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air and artillery support." He remarked that while weather was a factor
the forecasts were that the weather would improve rather than deteriorate.
As he concluded, "I was concerned but not worried about the battle."
While General Westmoreland, the MACV commander had less confidence in
the defensive measures taken by the Marines at the base, he later wrote
that his decision to hold Khe Sanh, "was to my mind militarily sound
and strategically rewarding."34

Even while General Westmoreland ticked off the reasons why Khe Sanh
could be defended, the bigger question was: why should it be defended?
General Westmoreland later wrote:

Khe
Sanh could serve as a patrol base for blocking enemy infiltration from
Laos along Route 9; a base for SOG operations to harass the enemy in
Laos; an airstrip for reconnaissance planes surveying the Ho Chi Minh
Trail; a western anchor for defenses south of the DMZ; and an eventual
jump-off point for ground operations to cut the Ho Chi Minh Trail.35

General Westmoreland's proposal for a ground operation against the
Ho Chi Minh Trail took the form of a planned invasion of Laos, codenamed
Operation El Paso. Although planning for the operation continued through
January, MACV did not intend to execute it until fall or winter, after
the northeast monsoon had passed. General Westmoreland said he wanted
the plan to be ready in time for the November 1968 presidential elections
"so that we would have a military plan that could take advantage of
a possible change in national policy."36

In addition to these reasons for defending Khe Sanh, General Westmoreland
pointed to tactical considerations, noting that "had we not taken a
stand in that remote area, our forces would have inevitably been required
to fight in the more populous coastal areas where the application of
firepower would have been hampered in order to protect civilians."37

Lieutenant General Cushman was "in complete agreement" with the decision
to hold Khe Sanh, pointing out that, although the combat base did not
really deter infiltration, it was "a complete block to invasion and
motorized supply." He further felt that it was necessary to retain bases
like Khe Sanh because they allowed him to conduct mobile operations
in the enemy's base areas at a time when III MAF did not have enough
troops effectively to cover all of the territory near the DMZ.38

Even General Krulak, who in 1966 had opposed the idea of large unit
operations near Khe Sanh, now agreed with General Westmoreland, saying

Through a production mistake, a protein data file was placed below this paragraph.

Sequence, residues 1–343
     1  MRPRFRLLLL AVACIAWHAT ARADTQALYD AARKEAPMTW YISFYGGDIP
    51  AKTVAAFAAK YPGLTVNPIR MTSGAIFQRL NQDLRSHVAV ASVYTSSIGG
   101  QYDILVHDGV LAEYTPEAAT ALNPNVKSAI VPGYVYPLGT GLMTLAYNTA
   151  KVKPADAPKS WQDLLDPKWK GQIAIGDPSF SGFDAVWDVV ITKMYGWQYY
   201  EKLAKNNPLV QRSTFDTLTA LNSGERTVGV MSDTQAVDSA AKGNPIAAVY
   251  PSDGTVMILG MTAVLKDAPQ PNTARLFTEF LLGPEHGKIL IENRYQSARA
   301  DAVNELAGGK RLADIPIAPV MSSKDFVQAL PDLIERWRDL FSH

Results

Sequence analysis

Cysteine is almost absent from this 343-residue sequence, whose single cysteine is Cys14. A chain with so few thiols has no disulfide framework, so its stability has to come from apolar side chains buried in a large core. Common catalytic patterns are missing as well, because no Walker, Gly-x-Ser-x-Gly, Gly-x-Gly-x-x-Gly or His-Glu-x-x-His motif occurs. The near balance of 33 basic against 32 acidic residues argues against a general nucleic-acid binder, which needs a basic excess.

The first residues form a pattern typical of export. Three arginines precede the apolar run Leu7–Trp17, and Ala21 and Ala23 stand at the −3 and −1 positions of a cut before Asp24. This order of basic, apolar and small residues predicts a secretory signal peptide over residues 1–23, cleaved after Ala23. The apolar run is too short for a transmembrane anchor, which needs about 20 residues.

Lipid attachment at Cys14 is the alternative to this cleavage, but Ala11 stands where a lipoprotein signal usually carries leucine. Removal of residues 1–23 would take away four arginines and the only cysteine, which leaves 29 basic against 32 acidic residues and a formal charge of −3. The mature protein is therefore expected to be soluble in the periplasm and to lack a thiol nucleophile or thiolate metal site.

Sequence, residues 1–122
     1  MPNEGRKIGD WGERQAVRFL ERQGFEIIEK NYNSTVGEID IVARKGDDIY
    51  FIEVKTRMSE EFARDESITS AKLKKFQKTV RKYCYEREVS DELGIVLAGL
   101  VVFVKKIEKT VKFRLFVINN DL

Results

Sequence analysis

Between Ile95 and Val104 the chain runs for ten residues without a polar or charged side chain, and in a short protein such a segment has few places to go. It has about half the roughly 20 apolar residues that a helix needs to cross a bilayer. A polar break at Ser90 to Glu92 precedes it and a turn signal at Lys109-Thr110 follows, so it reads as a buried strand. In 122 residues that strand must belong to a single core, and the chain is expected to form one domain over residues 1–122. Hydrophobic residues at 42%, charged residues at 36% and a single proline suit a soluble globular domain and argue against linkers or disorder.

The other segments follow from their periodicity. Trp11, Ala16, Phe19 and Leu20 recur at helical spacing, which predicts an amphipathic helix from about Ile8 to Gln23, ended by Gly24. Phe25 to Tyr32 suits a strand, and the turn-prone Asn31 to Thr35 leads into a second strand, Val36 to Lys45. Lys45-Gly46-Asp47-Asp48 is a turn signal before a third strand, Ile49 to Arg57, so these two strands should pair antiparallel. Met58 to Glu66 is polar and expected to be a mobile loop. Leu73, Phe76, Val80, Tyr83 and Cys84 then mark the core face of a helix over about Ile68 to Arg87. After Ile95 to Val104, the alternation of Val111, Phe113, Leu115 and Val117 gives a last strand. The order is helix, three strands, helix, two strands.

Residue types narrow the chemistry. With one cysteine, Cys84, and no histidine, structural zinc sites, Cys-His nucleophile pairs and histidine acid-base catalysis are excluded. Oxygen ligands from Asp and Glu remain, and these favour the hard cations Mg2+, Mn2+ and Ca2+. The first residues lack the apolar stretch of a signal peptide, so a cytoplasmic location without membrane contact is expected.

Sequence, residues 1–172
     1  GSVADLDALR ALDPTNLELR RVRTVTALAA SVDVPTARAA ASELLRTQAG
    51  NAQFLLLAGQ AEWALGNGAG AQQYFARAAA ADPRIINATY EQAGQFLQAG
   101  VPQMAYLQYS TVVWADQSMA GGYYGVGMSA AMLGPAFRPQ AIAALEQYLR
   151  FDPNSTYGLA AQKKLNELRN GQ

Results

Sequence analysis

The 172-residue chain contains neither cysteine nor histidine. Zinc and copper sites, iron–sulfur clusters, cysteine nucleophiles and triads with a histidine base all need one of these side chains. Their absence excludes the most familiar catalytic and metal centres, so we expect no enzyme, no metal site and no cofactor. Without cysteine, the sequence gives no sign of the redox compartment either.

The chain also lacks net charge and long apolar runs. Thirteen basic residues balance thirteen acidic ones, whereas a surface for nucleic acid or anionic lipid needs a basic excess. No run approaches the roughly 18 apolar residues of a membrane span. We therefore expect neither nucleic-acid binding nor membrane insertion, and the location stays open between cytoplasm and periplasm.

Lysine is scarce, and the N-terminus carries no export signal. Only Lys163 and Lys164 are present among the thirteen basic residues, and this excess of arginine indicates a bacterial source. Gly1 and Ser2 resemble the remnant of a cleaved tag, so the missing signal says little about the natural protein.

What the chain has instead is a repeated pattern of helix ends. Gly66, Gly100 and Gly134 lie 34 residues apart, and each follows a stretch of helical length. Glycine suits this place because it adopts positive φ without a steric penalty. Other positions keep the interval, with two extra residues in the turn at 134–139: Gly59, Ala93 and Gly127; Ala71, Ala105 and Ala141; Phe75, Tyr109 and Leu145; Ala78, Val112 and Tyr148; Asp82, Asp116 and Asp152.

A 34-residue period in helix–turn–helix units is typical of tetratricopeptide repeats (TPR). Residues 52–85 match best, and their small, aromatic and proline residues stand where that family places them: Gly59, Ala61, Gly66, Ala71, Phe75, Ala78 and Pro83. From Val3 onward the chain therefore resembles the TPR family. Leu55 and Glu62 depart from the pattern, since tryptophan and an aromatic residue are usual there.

that while "to withdraw would save lives that would otherwise be lost....
nobody ever won anything by backing away."39 Although agreeing with
the need to defend Khe Sanh once engaged, Krulak continued to insist
that the Marines never should have been there in the first place. He
quoted General Giap as wanting to stretch "the Marines as taut as a
bow string and draw them away from the populated areas."40 While the
North Vietnamese continued to place pressure on the Marines at Khe Sanh,
General Krulak doubted that General Giap would engage the Americans
on their terms. For Krulak, "Khe Sanh was an unsound blow in the air."41

The intentions of the North Vietnamese at Khe Sanh still are a subject
of debate. In contrast to General Krulak, Army Brigadier General Philip
B. David-son, the MACV intelligence officer or J-2, later argued that
General Giap meant for "Khe Sanh to be Phase III, the culmination of
the Great Offensive, Great Uprising." Davidson maintained that the North
Vietnamese planned to overwhelm the American base with two to four divisions
and end "the war with a stunning military victory."42

In one of their recapitulations of the Khe Sanh experience in 1969,
the North Vietnamese appeared to agree in part with elements of General
Krulak's analysis of their designs and also those of General Davidson
and General Westmoreland. The North Vietnamese authors stated that the
mission of the overall general offensive including Khe Sanh "was to
draw the enemy out [into remote areas], pin him down, and destroy much
of his men and means of conducting war." Specifically, the Khe Sanh-Route
9 campaign portion of the overall offensive had several aims, including
the destruction of "an important portion of the enemy's strength, primarily
the American." The North Vietnamese wanted to draw the U.S. forces "out
Route 9, the further the better," and then "tie them down." The campaign
called for close coordination with other North Vietnamese and Viet Cong
commands throughout South Vietnam, especially with Military Region
Tri-Thien-Hue
. According to the North Vietnamese study, the destruction
of "enemy strength and coordination with other battlefields [military
regions] are the most fundamental [and] important." The plan directed
that North Vietnamese commanders "focus mainly on striking the enemy
outside his fortifications," but "to strike the enemy in his fortifications
when necessary and assured of probable victory. "In effect, the North
Vietnamese would take Khe Sanh if they could, but there were limits
to the price they were willing to pay.







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